- Associated Press - Wednesday, March 2, 2016

COLUMBUS, Ind. (AP) - Local students were among the estimated 75,000 high schoolers around the world who learned what this year’s game is for the FIRST Robotics competition.

About 40 students from Bartholomew Consolidated School Corp. schools, including some homeschoolers, are teaming up for the third year in a row to take on the challenge.

Founded in 1989 by Dean Kamen, inventor of the Segway, FIRST, which stands for “For Inspiration and Recognition of Science and Technology,” is a national nonprofit organization that focuses on getting students involved and inspired in science and similar fields.

IndianaFIRST, the Indiana-based affiliate, brought FIRST programs to schools all throughout the state for students from kindergarten through high school.

There are four levels of competitions, separated by age groups. The FIRST Robotics Competition (FRC) is open to high school students.

Team number 4926, also known as GalacTech, is led by Sam Geckler, a Cummins mechanical engineer.

At the kickoff announcement, participants received their first glimpse of the game field and details. Team members also received a kit which included parts for their robot and limited instructions, including a manual.

“The idea is to put the students into an environment with mentors and to get it as close to real engineering as possible - not enough time, resources or information,” said Geckler.

This year’s theme is “Stronghold” and the goal is for students to build robots which can overcome the opponent’s defenses and capture a tower. Competition day will show two teams of three robots each on a field roughly the size of a basketball court.

“I was extremely excited (at kickoff), actually. Last year’s game was a little bit on the boring side,” said Aaron Brown, CSA New Tech junior and programming team leader for GalacTech. “FIRST Robotics came back really strong this year with the original games. It’s a lot of fun. We get into it and research how we want to play and come up with a design.”

Working with mentors, students have six weeks to create and test their robots. According to Geckler, the first steps include reading and rereading the manual and creating a list of requirements for the robot. Then the team begins creating a prototype.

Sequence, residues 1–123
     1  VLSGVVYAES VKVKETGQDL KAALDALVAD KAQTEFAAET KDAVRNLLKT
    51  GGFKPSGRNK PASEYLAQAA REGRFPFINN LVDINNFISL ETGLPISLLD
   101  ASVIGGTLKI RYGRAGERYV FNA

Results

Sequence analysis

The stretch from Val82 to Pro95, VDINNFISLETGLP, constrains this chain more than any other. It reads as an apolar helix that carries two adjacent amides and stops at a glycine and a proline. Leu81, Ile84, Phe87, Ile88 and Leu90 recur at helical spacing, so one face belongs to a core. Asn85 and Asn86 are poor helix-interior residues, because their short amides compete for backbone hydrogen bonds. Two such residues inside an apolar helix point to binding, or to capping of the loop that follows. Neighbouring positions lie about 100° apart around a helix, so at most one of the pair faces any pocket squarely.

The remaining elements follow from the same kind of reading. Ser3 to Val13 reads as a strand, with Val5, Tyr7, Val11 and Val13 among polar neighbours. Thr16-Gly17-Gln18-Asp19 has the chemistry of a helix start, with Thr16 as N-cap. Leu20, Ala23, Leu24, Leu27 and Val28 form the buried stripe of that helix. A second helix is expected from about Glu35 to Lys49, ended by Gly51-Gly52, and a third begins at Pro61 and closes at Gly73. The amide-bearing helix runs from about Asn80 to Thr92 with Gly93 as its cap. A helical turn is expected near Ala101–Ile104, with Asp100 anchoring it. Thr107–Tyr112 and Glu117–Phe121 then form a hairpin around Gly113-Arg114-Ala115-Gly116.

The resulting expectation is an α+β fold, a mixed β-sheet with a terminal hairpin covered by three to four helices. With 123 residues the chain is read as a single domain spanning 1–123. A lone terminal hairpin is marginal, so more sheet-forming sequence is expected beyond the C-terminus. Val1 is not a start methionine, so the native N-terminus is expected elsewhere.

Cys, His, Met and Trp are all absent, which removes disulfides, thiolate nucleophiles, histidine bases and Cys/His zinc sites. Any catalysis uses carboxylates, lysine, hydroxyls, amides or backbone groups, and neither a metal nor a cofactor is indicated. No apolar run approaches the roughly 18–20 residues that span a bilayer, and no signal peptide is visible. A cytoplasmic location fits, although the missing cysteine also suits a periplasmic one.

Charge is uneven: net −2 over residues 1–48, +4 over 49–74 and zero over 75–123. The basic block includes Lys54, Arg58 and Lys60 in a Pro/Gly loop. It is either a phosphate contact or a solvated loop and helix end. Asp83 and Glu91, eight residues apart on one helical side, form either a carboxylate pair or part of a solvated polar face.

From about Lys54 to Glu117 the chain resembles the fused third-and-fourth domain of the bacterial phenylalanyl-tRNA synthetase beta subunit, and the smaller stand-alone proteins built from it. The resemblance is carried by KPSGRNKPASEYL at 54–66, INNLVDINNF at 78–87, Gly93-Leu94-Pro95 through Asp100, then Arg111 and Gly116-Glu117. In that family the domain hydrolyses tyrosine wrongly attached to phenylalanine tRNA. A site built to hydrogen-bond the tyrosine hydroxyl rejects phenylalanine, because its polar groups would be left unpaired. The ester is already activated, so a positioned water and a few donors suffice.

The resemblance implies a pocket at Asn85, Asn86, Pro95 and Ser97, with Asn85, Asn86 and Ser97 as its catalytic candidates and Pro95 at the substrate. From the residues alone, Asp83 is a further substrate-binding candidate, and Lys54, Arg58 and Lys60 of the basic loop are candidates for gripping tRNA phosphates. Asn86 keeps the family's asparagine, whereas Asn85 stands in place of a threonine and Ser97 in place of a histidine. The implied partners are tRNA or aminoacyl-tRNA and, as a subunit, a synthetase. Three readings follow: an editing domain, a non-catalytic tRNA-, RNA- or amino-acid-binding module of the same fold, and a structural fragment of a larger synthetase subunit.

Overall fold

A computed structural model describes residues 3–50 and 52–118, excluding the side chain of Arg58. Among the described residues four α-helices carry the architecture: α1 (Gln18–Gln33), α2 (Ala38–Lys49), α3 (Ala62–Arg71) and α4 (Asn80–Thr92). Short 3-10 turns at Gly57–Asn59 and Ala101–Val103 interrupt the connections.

Not all 40 students work on the robot - some focus on social media or marketing aspects. With no participation fee and a “bare-bones” minimum budget of $15,000 needed each year to operate, fundraising is just another way the program prepares students for the real world, organizers said.

“FIRST is not fair in an absolute sense. All teams do not have the same budget or distribution of talent, but, in FIRST, the volunteers help the rookies,” said Woodie Flowers, co-chair on the FIRST Executive Advisory Board, during the kickoff broadcast.

In addition to building business and engineering skills, FIRST’s mission is to also boost self-confidence and to improve student’s communication and leadership skills.

“(FIRST) made me make up my mind on what I want to do. I want to go into computer science and minor in electrical engineering. It taught me everything I know so far about programming and let me know what I wanted to do,” said Brown.

Brown is one of many students planning to go into science-related fields after being involved in FIRST.

Elizabeth Hales, a Columbus North High School junior, wants to get her doctorate and medical degree in biomedical engineering. Her goal is to eventually create a working artificial kidney.

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Source: The (Columbus) Republic, http://bit.ly/1TPe6BS

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Information from: The Republic, http://www.therepublic.com/

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